let’s talk bookish: young adult and adult fiction

JULY 3: WHAT MAKES A BOOK YA?

Let’s Talk Bookish is a weekly meme created by Rukky @ Eternity Books. It is hosted by Rukky @ Eternity Books and Dani @ Literary Lion. It is where different bookish topics are discussed, explained and ruminated. Different opinions are shared and blog hopping is encouraged too.

I joined this book meme because a topic could lead to different answers. It helps me share my thoughts while being educated by others posts too. Aside from this, I get to reflect on topics which interest me. Some people would not agree with my answers but that is okay, each to his own.


YA or Young Adult is a category in fiction and it caters to teenagers (12 to 18). Even if it caters to this demographic, adults still read it. The themes for this category usually revolve around first love, friendship, identity and family. It is diverse since it could either be a fantasy novel or a contemporary one. YA is very popular since a lot of booktubers and bloggers like it. Also. YA has touched sensitive topics like discrimination, mental health and violence, to name a few. I have some YA books which I enjoyed but others were just okay. It is no doubt that the adult fiction and Young adult fiction crossover at some point. To be aware, it is best to know the difference between the two.

All YA books have a teenager as their main characters. The criteria for old YA books had a uniform set of rules. Most of them have simple yet exceptional protagonists, mostly female. Also, it would have the love triangle trope (example. Katniss, Peeta and Gale). Aside from this,the setting is in a dystopian world. As YA books were published, everything got recycled and placed in a different setting, time or universe. Recently, heroines are teenagers who are independent and cunning. While most contemporary YA stories are more about coming out stories and loving ones self. This are the kind of books which I like to read in the YA category. Dumplin by Julie Murphy was a good YA novel because it highlighted self love.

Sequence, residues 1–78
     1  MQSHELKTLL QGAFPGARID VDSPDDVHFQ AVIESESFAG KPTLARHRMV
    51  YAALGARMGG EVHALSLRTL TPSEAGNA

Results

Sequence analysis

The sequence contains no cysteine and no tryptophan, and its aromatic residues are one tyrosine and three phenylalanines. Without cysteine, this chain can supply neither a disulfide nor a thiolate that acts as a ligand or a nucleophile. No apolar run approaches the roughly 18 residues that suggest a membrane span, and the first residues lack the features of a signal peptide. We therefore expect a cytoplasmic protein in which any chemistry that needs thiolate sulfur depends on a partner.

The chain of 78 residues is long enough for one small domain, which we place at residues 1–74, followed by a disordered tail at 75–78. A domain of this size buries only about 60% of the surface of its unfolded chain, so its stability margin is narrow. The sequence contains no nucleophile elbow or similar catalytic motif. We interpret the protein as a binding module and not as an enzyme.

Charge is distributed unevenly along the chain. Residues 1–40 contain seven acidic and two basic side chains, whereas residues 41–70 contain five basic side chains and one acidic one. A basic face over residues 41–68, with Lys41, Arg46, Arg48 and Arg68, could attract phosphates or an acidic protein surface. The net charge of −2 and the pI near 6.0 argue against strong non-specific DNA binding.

It is a truth universally acknowledged, that some books which are not YA, are marketed as YA. In my opinion, A darker shade of magic by V.E. Schawb falls into this category. Also, the author tweeted (here) about it not being YA. I don’t understand why it is marketed as such. Marketing it as an adult fantasy would make more adults know that it is for their age group. Also, it is unfair for the author who has written the story for a specific type of audience. Yes, teenagers are allowed to read it, but market it properly to avoid confusion.

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The fine line between YA and Adult fiction should be defined. It is very important since what we read is what we feed the mind. Both fiction categories are worth the read. This depends on your taste as a reader and what you are comfortable with. For me, I mix my readings, they consist of both YA and adult fiction. This makes me have the best of both worlds.


This is quite the controversial topic.

Question: Are you aware that some YA books are meant to be in the Adult section?

Thank you for reading!

-R


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6 thoughts on “let’s talk bookish: young adult and adult fiction

  1. I’ve seen A Darker Shade of Magic mentioned a few times and it definitely isn’t the only book to suffer this treatment. I love good YA but books with adult protagonists facing adult trials should be marketed properly!

    Liked by 1 person

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